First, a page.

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TitleIntroduction to a True History of Cinema and Television
ISBN 139780981191423
CategoryArts - Film
File Size27.5 MB
Total Pages562
Document Text Contents
Page 1


J E A N - L U C



Page 2

The second volum e
in the caboose series
‘Theory and Practice’

Previously published:
What is Cinema?
by André Bazin

Page 281

P I E R R O T L E F O U 1 93


By Buñuel? No, not very many. The only film of Buñuel’s—I haven’t
seen his latest films, the only film I liked a little when I was a critic,
because he was somewhat independent. Something I like was that
he became deaf, for example, but I don’t believe, he can’t really be,
I mean it must be a joke. He can’t really be deaf, because in my
opinion if he was really deaf he wouldn’t be making the films he is
making in his old age. When you look at Beethoven’s final quartets
there’s a difference, you can believe that because of a physical cir
cumstance he no longer heard music the way people heard it in his
day and age. Whereas Buñuel's deafness is more social. The film of
his I prefer is the film he made with Salvador Dalí in the very begin­
ning, L’Âge d 'or. When you watch it today it still has a very strong
subversive power.


No, I haven’t seen The Milky Way, I can’t tell you. But I don’t agree.
On the contrary, I think Buñuel is more in that category of people,
and at times I have been too, who are completely behind the camera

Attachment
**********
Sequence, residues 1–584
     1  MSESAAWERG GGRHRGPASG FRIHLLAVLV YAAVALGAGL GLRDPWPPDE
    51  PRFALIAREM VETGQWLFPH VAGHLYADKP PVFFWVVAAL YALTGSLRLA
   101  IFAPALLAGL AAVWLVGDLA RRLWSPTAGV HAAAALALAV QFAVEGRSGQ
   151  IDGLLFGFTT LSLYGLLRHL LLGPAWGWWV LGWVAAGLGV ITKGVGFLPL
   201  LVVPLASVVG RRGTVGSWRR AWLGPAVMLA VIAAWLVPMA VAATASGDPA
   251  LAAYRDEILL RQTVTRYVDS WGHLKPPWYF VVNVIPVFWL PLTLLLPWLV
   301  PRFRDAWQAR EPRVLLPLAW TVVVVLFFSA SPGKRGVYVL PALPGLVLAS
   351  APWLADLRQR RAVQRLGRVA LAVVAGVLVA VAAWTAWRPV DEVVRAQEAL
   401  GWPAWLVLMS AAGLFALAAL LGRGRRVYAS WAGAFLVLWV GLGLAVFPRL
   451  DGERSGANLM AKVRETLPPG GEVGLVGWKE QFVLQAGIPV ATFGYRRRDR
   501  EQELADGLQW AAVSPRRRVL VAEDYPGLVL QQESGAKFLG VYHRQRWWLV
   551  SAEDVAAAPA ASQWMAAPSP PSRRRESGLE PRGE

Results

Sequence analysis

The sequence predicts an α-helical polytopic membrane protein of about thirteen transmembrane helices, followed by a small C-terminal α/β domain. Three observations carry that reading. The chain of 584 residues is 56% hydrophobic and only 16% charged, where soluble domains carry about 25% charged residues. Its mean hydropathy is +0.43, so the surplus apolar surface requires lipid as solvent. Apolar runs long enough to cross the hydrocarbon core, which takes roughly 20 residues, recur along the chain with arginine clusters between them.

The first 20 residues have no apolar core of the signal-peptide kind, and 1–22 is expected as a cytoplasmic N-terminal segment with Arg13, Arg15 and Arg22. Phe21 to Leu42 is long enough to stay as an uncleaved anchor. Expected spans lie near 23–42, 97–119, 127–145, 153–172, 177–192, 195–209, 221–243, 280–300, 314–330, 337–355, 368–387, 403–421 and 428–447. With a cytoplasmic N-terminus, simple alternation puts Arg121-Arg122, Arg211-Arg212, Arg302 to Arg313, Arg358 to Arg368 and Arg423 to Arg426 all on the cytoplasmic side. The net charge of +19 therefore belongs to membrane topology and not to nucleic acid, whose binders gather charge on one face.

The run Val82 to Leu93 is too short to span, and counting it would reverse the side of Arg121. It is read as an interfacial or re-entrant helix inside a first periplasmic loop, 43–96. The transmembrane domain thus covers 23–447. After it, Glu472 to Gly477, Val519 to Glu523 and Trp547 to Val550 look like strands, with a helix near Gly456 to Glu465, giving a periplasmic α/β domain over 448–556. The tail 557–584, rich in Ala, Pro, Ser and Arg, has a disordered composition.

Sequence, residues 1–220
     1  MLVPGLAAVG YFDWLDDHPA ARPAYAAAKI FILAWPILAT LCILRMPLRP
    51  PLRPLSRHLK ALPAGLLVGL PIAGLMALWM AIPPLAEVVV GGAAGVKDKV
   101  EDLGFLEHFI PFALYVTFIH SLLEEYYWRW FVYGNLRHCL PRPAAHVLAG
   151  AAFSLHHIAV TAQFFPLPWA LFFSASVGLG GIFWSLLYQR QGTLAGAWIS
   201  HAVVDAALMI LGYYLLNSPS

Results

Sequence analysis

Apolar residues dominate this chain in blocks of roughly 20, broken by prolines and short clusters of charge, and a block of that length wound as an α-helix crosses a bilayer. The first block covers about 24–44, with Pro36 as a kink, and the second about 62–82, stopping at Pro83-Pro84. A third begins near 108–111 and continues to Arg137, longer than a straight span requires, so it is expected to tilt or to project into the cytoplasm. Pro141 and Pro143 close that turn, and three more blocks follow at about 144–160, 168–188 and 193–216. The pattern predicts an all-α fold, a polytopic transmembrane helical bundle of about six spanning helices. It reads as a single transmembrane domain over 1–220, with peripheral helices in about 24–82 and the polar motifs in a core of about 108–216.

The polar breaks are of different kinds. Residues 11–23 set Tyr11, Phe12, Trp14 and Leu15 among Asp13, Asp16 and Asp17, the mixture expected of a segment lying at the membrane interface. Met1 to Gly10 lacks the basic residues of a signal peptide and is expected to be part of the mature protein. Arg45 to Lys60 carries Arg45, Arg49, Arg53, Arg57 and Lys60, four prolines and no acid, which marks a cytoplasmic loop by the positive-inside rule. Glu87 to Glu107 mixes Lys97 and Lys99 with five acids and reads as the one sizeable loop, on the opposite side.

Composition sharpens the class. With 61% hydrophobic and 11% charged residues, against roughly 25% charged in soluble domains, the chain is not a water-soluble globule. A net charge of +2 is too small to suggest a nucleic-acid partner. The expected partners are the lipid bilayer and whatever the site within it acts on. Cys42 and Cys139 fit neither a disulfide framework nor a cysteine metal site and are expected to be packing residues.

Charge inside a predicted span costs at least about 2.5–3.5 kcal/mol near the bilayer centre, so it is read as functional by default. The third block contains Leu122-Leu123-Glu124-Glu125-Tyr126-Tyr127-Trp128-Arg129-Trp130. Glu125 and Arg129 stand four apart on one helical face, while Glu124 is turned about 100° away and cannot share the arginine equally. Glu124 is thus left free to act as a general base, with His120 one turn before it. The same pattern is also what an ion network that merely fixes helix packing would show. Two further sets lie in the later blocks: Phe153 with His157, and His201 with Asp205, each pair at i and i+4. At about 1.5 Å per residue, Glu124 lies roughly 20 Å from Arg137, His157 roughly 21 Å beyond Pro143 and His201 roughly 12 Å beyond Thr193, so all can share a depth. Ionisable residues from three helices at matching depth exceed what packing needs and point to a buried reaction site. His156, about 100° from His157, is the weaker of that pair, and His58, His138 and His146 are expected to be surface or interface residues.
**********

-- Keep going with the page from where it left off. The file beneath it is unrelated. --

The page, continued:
and have no connection with the audience, apart from a so-called
‘cultured’ audience or cinephiles who place themselves in the same
position as Buñuel, or me if it’s my film, and say: ‘Oh, what a great
film, you must understand, I ’ll explain it to you’, etc. Three-quarters
of film criticism is like this, it places itself, it isn’t between—in my
opinion, film criticism can’t exist. But since it exists, it’s a heresy,
there are monsters. Meaning that it is not made for the audience—
the audience doesn’t need critics because cinema and television are

I llu s t ra t io n p a g e 191 :
to see only w hat can be seen (unsaid, unw ritten)
the atomic exp losion fro m the top o f the hill o f those w ho only
live once
the sky and the thickets o f those w ho fo llow the ru les o f the
game before the w orld w ar erupts
(photographs as X -rays o f sickness)

Page 282

194 A T R U E H IST O R Y O F C I N E M A

the only things it knows how to criticise naturally. Critics aren’t
between the audience and the person who made the film; they try
to put themselves in the place of the filmmaker as a kind of trade
union representative. And, because it’s usually not workers but
rather aristocrats who are behind the camera, imagine what the
union representative of an aristocrat speaking to the people is like.


You say to me: ‘still’ [encore]; I say: ‘I haven’t yet [encore] succeeded’.
This is truly the thing that interests me the most and that I’d like to
do but can’t. I see people in the United States who not only tell sto­
ries, but who must tell each other so many books, so many stories, in
a way so very different from other people, since I don’t know when;
for at least a hundred years they’ve captivated the world. They cap­
tivate the world just like a real live storyteller. Not only do they tell
a story, but they make people live it. It’s quite clear; there’s no other
reason Germany would place itself at the feet of the United States.
The Deutschmark is stronger than the dollar; German industry is
more inventive than American industry, the same for the Japanese.
But this is what is happening: the yen and the mark have placed